“Daj, quiet. Five: You will cooperate—do exactly what my mother asks. If she says scrub the toilet, use your fingernails. Six: She thinks your presence will seriously add to the family income. In three weeks I will reevaluate this arrangement. If I find you have not been contributing…” Tem picked up Leo’s business card from the table. He held it between her eyes and then ran the edge of the card down her nose, over her lips and chin. He picked up a pen and underlined the cell number twice. He put it in his pocket and recaptured her hands. “I’m all for incentives. Learn fast.”
“And the last rule: don’t leave the apartment. Knowing what is waiting out there, I think the building could catch fire and you wouldn’t run out. You may never touch a phone, computer, or answer the door. You are not allowed to wander around the house. You’re limited to the pantry, bathroom, kitchen, and salon. This is for your own safety. Just a little FYI, brainiac, the man who has the hots for you—Leo—his men are staking out this building. Your only contacts will be the three people who live here. If my cousin Bavol arrives, disappear before he sees you. Got it?”
“Yes.” She looked away. There was something treacherous about his confidence. She cringed and felt tainted by his encroachment into her personal space. For the first time since Lilly had met Tem she saw him for what he was—Satan in a starched shirt.
A stark silence followed. She attempted to draw back from his grasp but he wouldn’t release her. Her internal meter hit the red level, danger. “Zilla…”
She never turned or answered. Lilly was on her own when it came to Tem.
He checked his watch. “Let’s wrap this up.” He folded his arms and relaxed back into the kitchen chair. “You’re thinking right about now, ‘What good are rules without consequences and rewards,’ am I right?”
No. She was thinking, please don’t space me.
His thumbs pressed into the bones of her hands until she thought her slender metacarpals would crack. “Well, I’ll just let that be a surprise.” He looked down at the floor.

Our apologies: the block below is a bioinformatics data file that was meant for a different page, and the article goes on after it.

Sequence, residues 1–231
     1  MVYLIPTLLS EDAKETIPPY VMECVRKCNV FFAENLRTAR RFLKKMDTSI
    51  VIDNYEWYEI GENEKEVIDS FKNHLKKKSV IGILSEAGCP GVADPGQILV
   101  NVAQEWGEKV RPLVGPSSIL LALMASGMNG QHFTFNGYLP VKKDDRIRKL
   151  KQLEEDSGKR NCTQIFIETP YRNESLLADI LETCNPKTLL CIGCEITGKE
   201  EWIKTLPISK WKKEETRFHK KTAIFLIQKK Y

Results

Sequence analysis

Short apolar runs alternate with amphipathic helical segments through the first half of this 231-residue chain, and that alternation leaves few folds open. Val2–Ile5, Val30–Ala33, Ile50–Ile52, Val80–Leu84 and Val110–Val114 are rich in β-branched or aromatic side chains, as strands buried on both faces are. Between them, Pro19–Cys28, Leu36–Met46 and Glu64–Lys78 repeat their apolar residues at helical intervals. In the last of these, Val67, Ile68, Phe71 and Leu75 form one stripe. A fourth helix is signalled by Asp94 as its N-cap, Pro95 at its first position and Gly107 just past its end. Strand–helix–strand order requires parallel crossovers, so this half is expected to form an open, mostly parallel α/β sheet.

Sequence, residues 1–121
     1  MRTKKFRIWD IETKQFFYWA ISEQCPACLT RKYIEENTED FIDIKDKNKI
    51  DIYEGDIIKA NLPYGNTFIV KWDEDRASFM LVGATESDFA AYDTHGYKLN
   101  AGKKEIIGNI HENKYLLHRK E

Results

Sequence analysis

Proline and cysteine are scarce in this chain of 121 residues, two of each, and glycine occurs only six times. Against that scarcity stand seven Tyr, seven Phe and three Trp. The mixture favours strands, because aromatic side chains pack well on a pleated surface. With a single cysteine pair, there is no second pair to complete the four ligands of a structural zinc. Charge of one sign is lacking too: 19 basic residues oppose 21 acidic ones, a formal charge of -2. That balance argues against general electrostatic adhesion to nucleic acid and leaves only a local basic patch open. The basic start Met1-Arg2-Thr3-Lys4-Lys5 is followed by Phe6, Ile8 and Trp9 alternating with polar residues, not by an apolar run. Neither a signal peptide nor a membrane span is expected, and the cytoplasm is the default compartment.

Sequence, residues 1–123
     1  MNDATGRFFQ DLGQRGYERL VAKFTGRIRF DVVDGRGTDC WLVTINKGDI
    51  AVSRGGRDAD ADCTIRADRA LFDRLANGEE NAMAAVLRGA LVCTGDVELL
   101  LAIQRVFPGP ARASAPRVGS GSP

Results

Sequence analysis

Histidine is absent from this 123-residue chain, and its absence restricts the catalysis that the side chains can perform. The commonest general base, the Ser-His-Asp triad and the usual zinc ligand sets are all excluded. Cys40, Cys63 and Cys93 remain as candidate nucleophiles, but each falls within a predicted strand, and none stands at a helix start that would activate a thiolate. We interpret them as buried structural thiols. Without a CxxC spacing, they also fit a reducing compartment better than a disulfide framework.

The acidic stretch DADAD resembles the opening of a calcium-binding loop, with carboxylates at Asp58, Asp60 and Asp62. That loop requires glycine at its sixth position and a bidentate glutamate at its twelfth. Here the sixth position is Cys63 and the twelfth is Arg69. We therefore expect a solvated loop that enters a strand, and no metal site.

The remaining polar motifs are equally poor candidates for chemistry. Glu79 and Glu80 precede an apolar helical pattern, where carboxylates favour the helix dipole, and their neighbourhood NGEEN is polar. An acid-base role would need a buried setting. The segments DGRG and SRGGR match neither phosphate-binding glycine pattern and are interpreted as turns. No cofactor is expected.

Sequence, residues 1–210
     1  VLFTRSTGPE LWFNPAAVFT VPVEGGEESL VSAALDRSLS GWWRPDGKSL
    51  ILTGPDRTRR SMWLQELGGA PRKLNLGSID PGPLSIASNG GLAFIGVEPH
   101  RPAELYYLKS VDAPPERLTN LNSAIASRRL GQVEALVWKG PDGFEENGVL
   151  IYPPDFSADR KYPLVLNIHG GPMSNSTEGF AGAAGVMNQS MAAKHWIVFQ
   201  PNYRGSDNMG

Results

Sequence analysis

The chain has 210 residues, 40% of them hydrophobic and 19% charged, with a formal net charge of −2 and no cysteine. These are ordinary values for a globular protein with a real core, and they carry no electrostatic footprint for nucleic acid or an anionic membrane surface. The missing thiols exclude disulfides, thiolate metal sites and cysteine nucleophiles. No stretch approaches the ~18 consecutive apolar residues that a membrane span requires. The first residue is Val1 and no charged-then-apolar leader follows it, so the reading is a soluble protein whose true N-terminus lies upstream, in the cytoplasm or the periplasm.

“The girl understands. Let me take her.” Zilla dabbed at her sweaty face with a paper towel. “Please son. She’s no good to me if she’s panicked and can’t connect.”
“I’m doing this for you.” He kissed his mother on the cheek. “If you want to keep her make sure she understands. I’ll know if you coddle her.”
Lilly found her voice. “You said there were rewards?”
“Yes. Proper meals. No cuffs at night.”
Zilla drew herself up. “Now that’s done, go put on a fresh shirt and meet our new tenant, son. The woman wants Randall’s old apartment. She likes the view of the park. Last time we rented it too cheap, ask for more this time.” Her head swiveled. “I’ll watch her.”
Zilla patted Lilly’s shoulder. “Into the bathroom with you. Wash up. Clean clothes are folded and on the radiator. Vitamins on the sink.”
“I found big jars of them in your apartment. The label reads, ‘six per day.’ That’s a high dose but if it speeds the healing process you should take them. It would be a waste to throw them out and nobody else around here can use ‘female pubescent formula’ vitamins.”
Lilly recalled that her father had concocted what he referred to as “the optimal blend” just for her. Was optimal his code for savant?
“Then come back here and eat.” The clang of dishes and silverware replaced further conversation.
Lilly had made a bargain with the devil and his mother. Now she would do what was needed to survive.